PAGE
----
Standing at just 639m, you’d be forgiven for assuming that climbing Wuliaojian Mountain, just outside of Taipei, is easy. Well, you’d be wrong.
To get to the Wuliaojian hike trailhead (五寮尖), take the Bannan (blue) metro line to Dingpu station (the final stop) then take a taxi. The Metro ride from Taipei 101 takes just over an hour and will cost you 50TWD ($1.50USD). The taxi from Dingpu to the trailhead takes about 20 minutes and costs 350TWD ($11USD).
The hike starts just next to the road and adjacent to a small local store. There is also a portaloo although I can’t attest to how clean it is! Buy snacks/lunch and drinks before you get here (there is a Family Mart just outside of Dingpu station) as the local store might not be open (it was closed by the time we got back at around 3pm).
The hike begins with a stairway through the forest that becomes half walk, half scramble. It’s a lovely, rich green, jungle environment with the sound of tropical birds filling the air. At first it’s fairly steep but not technical, but before you have a chance to start wondering what all the fuss is about, a rope appears, dangling over a huge boulder with a small overhang about five feet up.
There is an easier option; a small path leads around the boulder, if the overhang is too much.
From then on the hike becomes more of a rope climb, pulling ourselves up rocks and over logs and roots with ropes that, one hopes, were tied by people who knew what they were doing.
After a while one of the climbs comes out on an exposed ridge. Suddenly we have 360 degree views. Here we’re above the clouds, which tuck themselves into the valleys surrounding us.
The path goes over a very narrow ridge, with only a small ropeway to hold onto, which I don’t let go of for a nanosecond.
After two or three more ridges (none quite as scary as the first), it’s time to abseil down to a lower ledge. It’s maybe 15-20m down a nigh-on vertical rock face, and is timed to coincide with a deluge from the sky. Cheers, nature.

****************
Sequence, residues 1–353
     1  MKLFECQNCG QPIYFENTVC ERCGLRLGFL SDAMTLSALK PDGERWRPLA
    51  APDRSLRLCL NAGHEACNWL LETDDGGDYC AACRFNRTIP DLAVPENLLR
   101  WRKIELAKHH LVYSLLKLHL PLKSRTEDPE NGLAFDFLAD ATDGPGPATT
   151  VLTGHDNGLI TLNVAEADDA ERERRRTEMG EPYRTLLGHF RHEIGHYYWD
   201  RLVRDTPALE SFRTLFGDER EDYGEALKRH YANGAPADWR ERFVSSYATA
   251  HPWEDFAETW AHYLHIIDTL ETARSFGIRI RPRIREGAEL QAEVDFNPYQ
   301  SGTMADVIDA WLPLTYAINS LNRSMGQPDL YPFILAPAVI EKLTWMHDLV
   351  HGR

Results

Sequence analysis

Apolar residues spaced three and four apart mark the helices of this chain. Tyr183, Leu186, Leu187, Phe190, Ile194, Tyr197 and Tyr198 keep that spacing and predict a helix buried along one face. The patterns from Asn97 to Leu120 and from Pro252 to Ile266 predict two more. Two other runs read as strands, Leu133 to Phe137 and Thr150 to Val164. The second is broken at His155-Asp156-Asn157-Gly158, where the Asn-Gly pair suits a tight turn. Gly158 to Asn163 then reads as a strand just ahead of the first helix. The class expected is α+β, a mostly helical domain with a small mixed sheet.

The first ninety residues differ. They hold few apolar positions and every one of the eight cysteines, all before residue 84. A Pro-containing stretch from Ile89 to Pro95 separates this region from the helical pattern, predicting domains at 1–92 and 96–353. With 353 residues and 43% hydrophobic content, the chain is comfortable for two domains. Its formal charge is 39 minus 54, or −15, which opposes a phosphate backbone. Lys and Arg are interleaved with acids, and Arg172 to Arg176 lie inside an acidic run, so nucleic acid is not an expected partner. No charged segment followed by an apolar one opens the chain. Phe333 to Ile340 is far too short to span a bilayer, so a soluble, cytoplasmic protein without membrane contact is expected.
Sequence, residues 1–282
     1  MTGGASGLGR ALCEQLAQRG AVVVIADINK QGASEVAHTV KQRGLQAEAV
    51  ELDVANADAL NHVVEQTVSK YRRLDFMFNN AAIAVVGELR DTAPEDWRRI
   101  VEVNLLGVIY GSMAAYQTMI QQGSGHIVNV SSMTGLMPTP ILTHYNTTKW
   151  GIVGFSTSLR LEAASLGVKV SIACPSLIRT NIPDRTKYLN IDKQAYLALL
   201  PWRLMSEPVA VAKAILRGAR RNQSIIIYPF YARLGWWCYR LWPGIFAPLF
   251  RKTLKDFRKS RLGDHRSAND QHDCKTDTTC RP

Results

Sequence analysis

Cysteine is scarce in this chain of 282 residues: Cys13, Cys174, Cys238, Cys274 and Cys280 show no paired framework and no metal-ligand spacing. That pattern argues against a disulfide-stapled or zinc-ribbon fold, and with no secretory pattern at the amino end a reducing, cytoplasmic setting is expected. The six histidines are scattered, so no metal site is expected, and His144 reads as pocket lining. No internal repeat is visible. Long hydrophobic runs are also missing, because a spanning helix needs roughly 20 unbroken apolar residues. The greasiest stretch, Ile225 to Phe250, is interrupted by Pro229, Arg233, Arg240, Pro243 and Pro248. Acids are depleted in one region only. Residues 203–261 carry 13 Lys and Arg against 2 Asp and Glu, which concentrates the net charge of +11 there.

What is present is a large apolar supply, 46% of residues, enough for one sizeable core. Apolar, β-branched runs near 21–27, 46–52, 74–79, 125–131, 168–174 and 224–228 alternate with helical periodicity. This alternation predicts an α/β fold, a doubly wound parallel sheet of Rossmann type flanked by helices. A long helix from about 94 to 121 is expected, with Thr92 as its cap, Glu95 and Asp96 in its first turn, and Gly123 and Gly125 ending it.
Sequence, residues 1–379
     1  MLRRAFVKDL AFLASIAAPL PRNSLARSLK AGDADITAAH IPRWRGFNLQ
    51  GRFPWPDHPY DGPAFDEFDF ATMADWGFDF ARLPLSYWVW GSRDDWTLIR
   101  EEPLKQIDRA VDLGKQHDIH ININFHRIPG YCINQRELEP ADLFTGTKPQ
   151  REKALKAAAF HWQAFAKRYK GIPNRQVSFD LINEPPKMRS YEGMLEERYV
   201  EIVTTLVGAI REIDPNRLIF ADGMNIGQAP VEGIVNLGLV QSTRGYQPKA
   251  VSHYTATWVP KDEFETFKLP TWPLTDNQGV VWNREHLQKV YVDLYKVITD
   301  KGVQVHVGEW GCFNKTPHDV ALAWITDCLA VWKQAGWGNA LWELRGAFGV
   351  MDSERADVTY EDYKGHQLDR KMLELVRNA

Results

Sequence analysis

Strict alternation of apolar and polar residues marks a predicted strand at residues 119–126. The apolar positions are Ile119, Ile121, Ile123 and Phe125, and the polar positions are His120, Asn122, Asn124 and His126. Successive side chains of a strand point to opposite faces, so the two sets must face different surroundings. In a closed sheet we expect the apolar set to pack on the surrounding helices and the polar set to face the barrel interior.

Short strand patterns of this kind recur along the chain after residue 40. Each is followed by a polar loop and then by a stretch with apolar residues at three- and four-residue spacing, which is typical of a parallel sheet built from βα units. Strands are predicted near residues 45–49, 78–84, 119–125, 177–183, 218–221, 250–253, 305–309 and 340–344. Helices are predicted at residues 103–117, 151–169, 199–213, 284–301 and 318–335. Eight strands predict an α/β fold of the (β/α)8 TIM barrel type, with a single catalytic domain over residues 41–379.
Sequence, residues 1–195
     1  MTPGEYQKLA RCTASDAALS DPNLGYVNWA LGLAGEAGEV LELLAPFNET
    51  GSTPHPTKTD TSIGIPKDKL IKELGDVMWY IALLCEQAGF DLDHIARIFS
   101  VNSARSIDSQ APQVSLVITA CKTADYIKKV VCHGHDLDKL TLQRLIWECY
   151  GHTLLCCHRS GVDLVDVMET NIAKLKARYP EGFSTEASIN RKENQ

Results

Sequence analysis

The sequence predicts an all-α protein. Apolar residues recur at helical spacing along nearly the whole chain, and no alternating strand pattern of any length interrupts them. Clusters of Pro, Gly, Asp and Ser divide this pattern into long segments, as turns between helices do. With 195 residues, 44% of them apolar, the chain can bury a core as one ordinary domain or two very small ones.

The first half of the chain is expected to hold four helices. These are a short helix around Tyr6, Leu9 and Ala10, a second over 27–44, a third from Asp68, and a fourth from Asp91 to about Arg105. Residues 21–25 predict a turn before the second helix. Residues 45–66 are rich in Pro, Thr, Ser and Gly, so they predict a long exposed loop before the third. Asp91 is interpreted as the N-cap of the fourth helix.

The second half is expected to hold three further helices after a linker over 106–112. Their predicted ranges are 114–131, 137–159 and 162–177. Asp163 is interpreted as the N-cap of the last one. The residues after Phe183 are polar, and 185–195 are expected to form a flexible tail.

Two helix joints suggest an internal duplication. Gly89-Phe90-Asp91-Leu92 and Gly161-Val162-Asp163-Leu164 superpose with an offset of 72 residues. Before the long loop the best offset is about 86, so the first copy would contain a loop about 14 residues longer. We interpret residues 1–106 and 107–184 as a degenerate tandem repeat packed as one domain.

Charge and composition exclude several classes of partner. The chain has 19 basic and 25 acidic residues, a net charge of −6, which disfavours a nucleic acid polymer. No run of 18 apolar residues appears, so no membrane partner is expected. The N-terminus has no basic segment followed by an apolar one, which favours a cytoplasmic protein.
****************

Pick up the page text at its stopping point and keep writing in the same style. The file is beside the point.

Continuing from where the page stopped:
The path continues but there is an optional extra – a 10m climb up a vertical rock face using either a rope or a series of metal rungs attached to the rock. “Not a chance in this weather” I think to myself before realising that Huong is already half way up the ladder. Jolly good.
The ladder leads to a kinda viewing platform; basically a very narrow ledge with amazing views of the surrounding countryside. It’s a terrifying look down but man, am I glad we went the extra mile.
After climbing back down the ladder it’s time to abseil down through a slither of a crack in a boulder that even a (fairly) skinny bloke like myself only just fits through.
And then what can only be described as a slide across a steep rock face, clinging onto a rope to stop falling into the abyss.
The final ascent to the summit feels relatively easy, and soon we’ve made it to the summit, and although the view isn’t as good as some of the earlier ridges, we can see Taipei through the mist.
The climb down is fairly simple, especially after the middle section of the hike. Eventually you’ll meet a road which leads back to the start of the trailhead. From here you can get a bus to Sanxia (it only runs every 1-1.5 hours though), be lucky enough to grab a cab driving past, or you can call one. This guy speaks English but is more expensive: +886932225302 and this is a local taxi driver who only speaks Chinese but is cheaper: +886981086283.
This is honestly one of my favourite hikes in Asia – very accessible, varied, challenging, a little bit scary, and all around a great experience. Don’t get me wrong, you need to be fit, you need to be fairly comfortable with heights and definitely OK with climbing up and down rocks but you don’t need a huge amount of upper body strength. I’d definitely recommend doing it in dry conditions but we did it in the rain and there were quite a few people climbing it with us. Overall, this is an awesome hike and a must-do if you visit Taipei.
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